These are the adventures of Andy and Sally Rawnsley on their narrowboat "The Puzzler". We have been living on the boat for over eight years now and are still loving it. Our Ulster born Shih Tzu, Shannon, has grown up, and has taken over the boat! After three wonderful years in Ireland, we transported The Puzzler to The Netherlands, and spent a year there. In 2015 we went southwards, to reach the north of France by June. After glorious weather throughout the summer, we arrived in Roanne in late October, and enjoyed our winter in this friendly port. We cruised extensively in France in 2016, returning to Roanne for a second winter.


Wednesday, 30 July 2014

25th - 27th July. On to Woudsend, across Slotermeer to Balk, then down the Luts canal to Wyldemerk Dragonfly reserve.

We are still in Friesland. We sailed on to Woudsend again, then went to the south west across Slotermeer. We have been lucky not to have too much wind on these lake crossings.
We liked Balk village very much. It was similar to Sloten, with the central canal, and traditional houses. However, we can cruise along the canal here and there are also two lift bridges.

The pretty canal to the south of Balk reminds us of the narrow English canals. We moored along this stretch and enjoyed a walk in the woods.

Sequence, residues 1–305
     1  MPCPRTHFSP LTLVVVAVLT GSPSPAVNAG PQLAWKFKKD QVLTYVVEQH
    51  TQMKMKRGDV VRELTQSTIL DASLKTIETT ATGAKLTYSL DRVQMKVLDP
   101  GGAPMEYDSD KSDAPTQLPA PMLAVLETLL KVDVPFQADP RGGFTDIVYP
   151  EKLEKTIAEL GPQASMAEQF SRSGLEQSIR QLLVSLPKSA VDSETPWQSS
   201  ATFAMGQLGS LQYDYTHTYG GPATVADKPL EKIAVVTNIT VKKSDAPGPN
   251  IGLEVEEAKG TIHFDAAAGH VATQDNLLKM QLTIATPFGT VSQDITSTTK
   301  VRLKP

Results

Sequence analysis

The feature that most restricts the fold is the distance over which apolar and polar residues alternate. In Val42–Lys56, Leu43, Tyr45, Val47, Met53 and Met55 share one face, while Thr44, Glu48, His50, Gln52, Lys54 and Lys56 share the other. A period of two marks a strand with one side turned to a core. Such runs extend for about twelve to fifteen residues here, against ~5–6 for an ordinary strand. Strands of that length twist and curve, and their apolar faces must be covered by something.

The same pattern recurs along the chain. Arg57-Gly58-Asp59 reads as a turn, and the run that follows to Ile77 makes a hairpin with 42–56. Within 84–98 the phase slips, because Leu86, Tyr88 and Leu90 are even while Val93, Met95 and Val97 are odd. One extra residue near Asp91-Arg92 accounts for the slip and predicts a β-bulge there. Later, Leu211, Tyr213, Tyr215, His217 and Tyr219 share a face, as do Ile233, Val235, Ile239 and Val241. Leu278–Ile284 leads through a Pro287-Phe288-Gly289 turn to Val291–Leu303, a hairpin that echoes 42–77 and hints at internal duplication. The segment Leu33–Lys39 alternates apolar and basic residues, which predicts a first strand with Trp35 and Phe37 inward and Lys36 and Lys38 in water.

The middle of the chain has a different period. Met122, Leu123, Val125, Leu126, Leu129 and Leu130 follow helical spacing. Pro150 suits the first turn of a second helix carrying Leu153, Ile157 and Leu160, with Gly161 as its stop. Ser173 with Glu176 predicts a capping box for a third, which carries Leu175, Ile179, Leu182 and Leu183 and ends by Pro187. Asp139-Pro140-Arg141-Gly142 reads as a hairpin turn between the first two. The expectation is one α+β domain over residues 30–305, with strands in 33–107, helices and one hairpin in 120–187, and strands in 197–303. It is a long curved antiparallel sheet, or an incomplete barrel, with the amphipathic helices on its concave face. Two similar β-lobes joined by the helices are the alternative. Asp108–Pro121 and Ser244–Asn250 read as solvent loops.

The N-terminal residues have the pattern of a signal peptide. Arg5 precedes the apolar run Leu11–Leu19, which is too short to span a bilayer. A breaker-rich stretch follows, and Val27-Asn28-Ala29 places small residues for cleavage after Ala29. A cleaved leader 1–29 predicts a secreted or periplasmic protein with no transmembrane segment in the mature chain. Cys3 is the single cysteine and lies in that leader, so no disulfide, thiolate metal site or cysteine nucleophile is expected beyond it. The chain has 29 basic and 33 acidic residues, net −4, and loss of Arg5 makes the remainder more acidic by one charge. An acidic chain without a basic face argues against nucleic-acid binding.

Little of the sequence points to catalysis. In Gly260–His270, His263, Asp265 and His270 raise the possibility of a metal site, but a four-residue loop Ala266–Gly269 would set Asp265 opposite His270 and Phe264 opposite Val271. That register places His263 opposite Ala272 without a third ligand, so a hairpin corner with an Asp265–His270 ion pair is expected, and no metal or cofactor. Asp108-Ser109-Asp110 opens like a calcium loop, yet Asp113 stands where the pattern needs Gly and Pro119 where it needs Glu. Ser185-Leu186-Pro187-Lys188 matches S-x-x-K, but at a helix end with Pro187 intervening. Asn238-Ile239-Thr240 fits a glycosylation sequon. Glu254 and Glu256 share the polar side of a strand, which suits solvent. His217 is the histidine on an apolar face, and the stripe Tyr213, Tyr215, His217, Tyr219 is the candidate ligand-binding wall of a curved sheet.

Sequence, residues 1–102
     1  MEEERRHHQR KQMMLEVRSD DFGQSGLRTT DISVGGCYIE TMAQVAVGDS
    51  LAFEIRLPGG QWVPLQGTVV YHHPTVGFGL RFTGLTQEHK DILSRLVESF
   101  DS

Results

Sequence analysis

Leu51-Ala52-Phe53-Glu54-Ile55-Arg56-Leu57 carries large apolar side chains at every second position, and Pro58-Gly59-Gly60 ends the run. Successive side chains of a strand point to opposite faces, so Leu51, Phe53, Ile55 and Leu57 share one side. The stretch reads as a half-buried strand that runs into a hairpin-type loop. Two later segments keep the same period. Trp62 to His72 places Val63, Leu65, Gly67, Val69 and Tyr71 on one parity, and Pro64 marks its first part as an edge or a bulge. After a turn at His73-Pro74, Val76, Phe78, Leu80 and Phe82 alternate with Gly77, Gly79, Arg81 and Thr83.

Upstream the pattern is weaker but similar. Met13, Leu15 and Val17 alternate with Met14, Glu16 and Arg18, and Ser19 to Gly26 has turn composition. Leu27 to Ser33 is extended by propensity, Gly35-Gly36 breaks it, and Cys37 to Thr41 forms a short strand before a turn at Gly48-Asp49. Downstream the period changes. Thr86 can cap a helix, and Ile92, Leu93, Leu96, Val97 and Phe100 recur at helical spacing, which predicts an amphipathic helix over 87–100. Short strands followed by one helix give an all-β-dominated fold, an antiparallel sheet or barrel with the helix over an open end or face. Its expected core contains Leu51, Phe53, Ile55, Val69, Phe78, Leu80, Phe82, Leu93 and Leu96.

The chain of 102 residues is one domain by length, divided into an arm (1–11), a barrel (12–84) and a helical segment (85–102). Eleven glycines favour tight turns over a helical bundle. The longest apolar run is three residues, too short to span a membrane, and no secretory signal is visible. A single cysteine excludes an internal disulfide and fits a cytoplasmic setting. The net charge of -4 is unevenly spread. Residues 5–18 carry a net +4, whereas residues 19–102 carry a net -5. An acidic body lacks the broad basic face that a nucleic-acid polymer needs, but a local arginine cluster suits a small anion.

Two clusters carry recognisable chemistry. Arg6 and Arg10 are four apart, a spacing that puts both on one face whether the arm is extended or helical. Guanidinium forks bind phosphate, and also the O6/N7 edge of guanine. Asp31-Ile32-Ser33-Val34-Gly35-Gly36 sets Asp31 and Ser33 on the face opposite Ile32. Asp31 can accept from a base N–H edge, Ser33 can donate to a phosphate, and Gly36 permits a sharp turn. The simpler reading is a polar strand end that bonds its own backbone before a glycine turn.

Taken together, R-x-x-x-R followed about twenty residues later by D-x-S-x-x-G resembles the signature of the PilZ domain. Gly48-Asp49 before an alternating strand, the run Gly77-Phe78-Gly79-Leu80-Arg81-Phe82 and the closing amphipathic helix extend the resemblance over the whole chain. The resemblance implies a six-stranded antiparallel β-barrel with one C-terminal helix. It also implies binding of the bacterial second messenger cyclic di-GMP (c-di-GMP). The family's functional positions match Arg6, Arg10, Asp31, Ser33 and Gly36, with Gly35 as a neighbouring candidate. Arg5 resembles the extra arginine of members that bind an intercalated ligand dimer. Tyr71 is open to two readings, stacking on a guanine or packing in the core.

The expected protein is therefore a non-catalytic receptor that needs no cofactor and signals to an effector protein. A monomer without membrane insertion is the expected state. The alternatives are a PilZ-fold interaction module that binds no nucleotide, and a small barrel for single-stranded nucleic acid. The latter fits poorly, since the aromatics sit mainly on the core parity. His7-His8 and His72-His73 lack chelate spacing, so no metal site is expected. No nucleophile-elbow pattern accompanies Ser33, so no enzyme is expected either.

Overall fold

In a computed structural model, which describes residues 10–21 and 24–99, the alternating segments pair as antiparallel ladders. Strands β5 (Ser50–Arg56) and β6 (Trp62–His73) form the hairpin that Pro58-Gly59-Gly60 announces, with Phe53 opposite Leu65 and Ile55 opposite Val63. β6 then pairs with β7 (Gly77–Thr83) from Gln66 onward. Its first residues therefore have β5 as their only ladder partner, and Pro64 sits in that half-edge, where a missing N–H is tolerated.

This is the only typical canal bridge that we have found in The Netherlands.
At the end of this canal lies a lovely lake, surrounded by woodland and the Wyldemerk Dragonfly reserve. Apparently sand was sucked from the bottom of this lake to create the major new road through this area, and the lake is now 60 metres deep.


In the dragonfly reserve we saw several frogs on the water lilies, but not many dragonflies!


We found really good walking in the woods here.


There were no streams in the woods so Shannon was delighted to be back at the lake.

Sunday, 27 July 2014

21st - 24th July 2014. On to Terherne for Skutje racing, then boats galore to and from Langweer.

From Heerenveen we returned to Akkrum for shopping, where we were interviewed for the local paper, although we have not yet seen the article. We know that it was in though, as various boaters have told us! The mooring here on the island of Terherne was a little tricky, as there was not much room left for our bows. We are secure with a mud weight at the stern, which is sitting on the bottom.

The weather is almost too hot for comfort. Sally went for a swim, and was then joined by Shannon, who was glad of a lift back to The Puzzler.
Most of the Skutjes and their backup boats arrived on Monday night for Tuesday's race here at Terherne. The whole competition started last Saturday in Grou, and there are a total of ten races on different lakes throughout Friesland, before the final at Sneek on  1st August. These skutjes are up to 100 years old, and each boat represents a town in Friesland.